George Hook suspended from Newstalk after rape comments
Newstalk sends Tweet announcing Hook suspension
Newstalk has suspended presenter George Hook following his controversial comments last Friday about rape.
The radio station tweeted just after 9am on Friday that the presenter had been suspended from his duties at the station and that the process arising from his comments last week about rape and responsibility was ongoing.
On its website, the radio station said: “Newstalk has confirmed that George Hook has been suspended from his duties at the station.
“The process regarding his comments last week is ongoing.”
Newstalk declined to comment on the details of the ongoing process, but sources indicated that the company had wanted to implement the suspension earlier in the week, but had not been in a position to do so until today. Newstalk anticipates the overall process will come to a conclusion by next week.
It said the suspension came after the comments were condemned by groups such as the National Women’s Council of Ireland (NWCI).
Managing Editor Patricia Monahan said that comments made were “totally wrong and inappropriate and should never have been made.”
Referring to a UK rape case on his show last Friday, Hook questioned why the woman had gone back to the hotel room of a man she had just met, asking: “Is there no blame now to the person who puts themselves in danger?”
The controversy over comments escalated with the withdrawal of advertisers from his lunchtime show and the refusal by another Newstalk presenter to go on air this weekend. Tesco confirmed on Thursday evening that it had ceased advertising during Hook’s lunchtime programme, High Noon.
This has been an incredibly difficult week at Newstalk. But I'm immensely proud of the professional and brave staff here.— Sean Moncrieff (@SeanMoncrieff) September 15, 2017
“Our advertising package includes spots during a variety of shows distributed across the station,” a spokesperson for the retailer said.
“We confirm that we have restricted the airing of our adverts around this particular show in the short term, although we keep this under review.”
On Monday, the hotel group Dalata cancelled its sponsorship of High Noon.
Also on Thursday evening, Dil Wickremasinghe, who presents Newstalk’s Global Village show every Saturday evening, issued a statement saying she would be going off-air in protest against the station’s handling of the issue.
Speaking at his party think-in in Co Tipperary on Friday, Taoiseach Leo Varadkar said: “I strongly disagree with the comments that he made. Nobody who is raped or sexually assaulted is ever responsible for that in any way.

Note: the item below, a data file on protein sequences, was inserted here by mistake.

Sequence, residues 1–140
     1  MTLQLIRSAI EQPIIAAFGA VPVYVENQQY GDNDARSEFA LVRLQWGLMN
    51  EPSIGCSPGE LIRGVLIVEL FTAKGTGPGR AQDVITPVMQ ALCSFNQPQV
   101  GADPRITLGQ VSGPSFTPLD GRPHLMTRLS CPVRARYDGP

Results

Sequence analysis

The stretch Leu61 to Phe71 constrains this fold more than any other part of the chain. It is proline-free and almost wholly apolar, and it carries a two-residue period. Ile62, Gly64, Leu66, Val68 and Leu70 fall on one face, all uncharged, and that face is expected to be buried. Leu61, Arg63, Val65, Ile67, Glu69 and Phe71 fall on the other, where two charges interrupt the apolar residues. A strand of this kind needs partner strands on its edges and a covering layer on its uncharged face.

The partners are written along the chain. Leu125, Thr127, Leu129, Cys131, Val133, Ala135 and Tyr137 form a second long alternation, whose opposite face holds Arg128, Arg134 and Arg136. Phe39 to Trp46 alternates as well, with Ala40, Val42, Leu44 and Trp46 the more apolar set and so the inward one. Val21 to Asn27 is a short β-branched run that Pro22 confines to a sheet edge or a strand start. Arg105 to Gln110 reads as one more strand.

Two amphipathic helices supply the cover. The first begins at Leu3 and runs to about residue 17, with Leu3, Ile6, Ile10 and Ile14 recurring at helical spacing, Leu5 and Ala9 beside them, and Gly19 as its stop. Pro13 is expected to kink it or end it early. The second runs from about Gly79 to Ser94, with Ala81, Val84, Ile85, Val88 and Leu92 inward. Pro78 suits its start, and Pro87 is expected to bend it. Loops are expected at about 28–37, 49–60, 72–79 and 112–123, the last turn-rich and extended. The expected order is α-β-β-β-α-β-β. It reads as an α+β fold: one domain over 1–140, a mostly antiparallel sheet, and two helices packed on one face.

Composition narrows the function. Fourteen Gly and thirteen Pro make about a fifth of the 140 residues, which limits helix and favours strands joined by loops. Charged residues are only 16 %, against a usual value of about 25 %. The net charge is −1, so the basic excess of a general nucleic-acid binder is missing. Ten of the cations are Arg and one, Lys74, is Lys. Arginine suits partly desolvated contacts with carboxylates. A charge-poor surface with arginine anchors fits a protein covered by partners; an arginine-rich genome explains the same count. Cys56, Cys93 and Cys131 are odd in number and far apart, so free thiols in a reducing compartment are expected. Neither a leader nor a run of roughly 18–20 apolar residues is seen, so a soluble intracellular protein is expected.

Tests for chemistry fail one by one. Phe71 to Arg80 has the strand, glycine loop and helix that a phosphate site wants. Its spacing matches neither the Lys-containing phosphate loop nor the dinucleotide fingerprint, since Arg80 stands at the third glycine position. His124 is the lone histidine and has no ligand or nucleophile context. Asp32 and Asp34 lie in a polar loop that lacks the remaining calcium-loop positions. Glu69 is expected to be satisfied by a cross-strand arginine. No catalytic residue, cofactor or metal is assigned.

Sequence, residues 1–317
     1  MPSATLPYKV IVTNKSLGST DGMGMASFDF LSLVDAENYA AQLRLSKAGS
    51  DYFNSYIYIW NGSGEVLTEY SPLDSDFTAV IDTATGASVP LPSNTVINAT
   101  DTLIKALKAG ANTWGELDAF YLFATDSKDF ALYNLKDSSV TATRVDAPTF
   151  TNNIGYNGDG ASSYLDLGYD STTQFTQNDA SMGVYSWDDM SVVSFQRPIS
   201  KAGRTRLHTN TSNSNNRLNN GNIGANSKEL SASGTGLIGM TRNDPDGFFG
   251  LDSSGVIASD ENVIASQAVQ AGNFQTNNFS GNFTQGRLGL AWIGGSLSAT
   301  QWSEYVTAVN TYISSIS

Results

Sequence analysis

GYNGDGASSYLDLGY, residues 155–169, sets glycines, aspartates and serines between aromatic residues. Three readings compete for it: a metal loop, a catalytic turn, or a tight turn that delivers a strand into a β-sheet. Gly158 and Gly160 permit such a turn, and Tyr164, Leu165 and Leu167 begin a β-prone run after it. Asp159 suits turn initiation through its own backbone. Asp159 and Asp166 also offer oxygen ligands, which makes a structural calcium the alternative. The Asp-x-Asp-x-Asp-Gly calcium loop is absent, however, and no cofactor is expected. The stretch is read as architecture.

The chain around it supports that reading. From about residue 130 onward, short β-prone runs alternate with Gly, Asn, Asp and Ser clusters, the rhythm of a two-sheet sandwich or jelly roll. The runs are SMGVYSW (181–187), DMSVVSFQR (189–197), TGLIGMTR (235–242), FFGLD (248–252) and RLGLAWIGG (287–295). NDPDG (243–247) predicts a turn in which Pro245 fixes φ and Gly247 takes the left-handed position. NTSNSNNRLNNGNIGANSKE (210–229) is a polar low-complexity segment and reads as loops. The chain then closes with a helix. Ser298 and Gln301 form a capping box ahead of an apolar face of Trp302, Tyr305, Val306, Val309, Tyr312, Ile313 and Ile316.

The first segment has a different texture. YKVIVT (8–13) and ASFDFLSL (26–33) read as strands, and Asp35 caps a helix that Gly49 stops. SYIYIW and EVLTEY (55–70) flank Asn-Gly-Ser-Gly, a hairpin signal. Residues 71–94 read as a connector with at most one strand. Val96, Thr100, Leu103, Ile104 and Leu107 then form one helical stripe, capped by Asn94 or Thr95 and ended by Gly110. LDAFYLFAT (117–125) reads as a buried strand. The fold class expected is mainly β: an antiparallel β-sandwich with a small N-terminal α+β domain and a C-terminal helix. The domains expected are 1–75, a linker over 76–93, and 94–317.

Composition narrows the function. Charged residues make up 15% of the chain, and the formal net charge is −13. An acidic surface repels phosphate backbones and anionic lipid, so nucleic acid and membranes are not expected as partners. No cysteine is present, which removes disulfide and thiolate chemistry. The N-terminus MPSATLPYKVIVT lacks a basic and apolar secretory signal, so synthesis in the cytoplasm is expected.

“So I totally disagree with and abhor the comments that he made. He has since then of course apologised, apologised profusely and I think he does understand that what he said about this issue and on that occasion also in the past is unacceptable,” he said on RTÉ’s Morning Ireland.
“I think it’s indicative of attitudes that still exist in Irish society that need to change.”
What did George Hook say?
Speaking during his radio show, High Noon, on Friday September 8th, Hook discussed the case of the 19-year-old woman who alleges she was raped by a former member of the British swim team. She alleges that she was raped by the man after having consensual sex with a different man who was the swimmer’s friend.
“She was passed around, went the story. And apparently she went to bed with one guy and he goes out and another guy comes in. She doesn’t want to have relations with the second guy but he forces himself upon her. Awful,” said Hook.
He continued: “But when you then look deeper into the story you have to ask certain questions. Why does a girl who just meets a fella in a bar go back to a hotel room? She’s only just barely met him. She has no idea of his health conditions, she has no idea who he is, she has no idea of what dangers he might pose.”
“But modern day social activity means that she goes back with him. Then is surprised when somebody else comes into the room and rapes her. Should she be raped? Course she shouldn’t. Is she entitled to say no? Absolutely. Is the guy who came in a scumbag? Certainly. Should he go to jail? Of Course. All of those things,” he said.
“But is there no blame now to the person who puts themselves in danger?” he said.
On Monday, Hook told Newstalk listeners he was “truly sorry” for his comments.
In a statement which The Irish Times understands was pre-recorded in advance of the broadcast, the presenter apologised for the comments which led to a storm of criticism.
“I want to start the programme with a profound apology,” Hook told listeners at the start of Monday’s High Noon show. “On Friday, September 8th I made comments about rape on the programme which were totally inappropriate and unacceptable and I should never have made them. I realise that those comments caused widespread hurt and offence and for this too I am truly sorry.
“I would particularly like to apologise to all victims of rape, the families, the representatives of the organisations who work day and night to reduce the stigma around rape. And also for those who try to increase reporting of crime involving sexual violence against men and women.. It was wrong of me to suggest that any blame could be attributed to those victims or that they bear any responsibility in the crimes committed against them. By doing that I played a part in perpetuating the stigma and I unreservedly apologise for doing so.
“Everybody has the right to enjoy themselves without fear of being attacked and as a society we have a duty to our daughters and granddaughters to protect that right. On Friday, I failed in that duty of care, a failure I deeply regret and for which I am truly sorry.”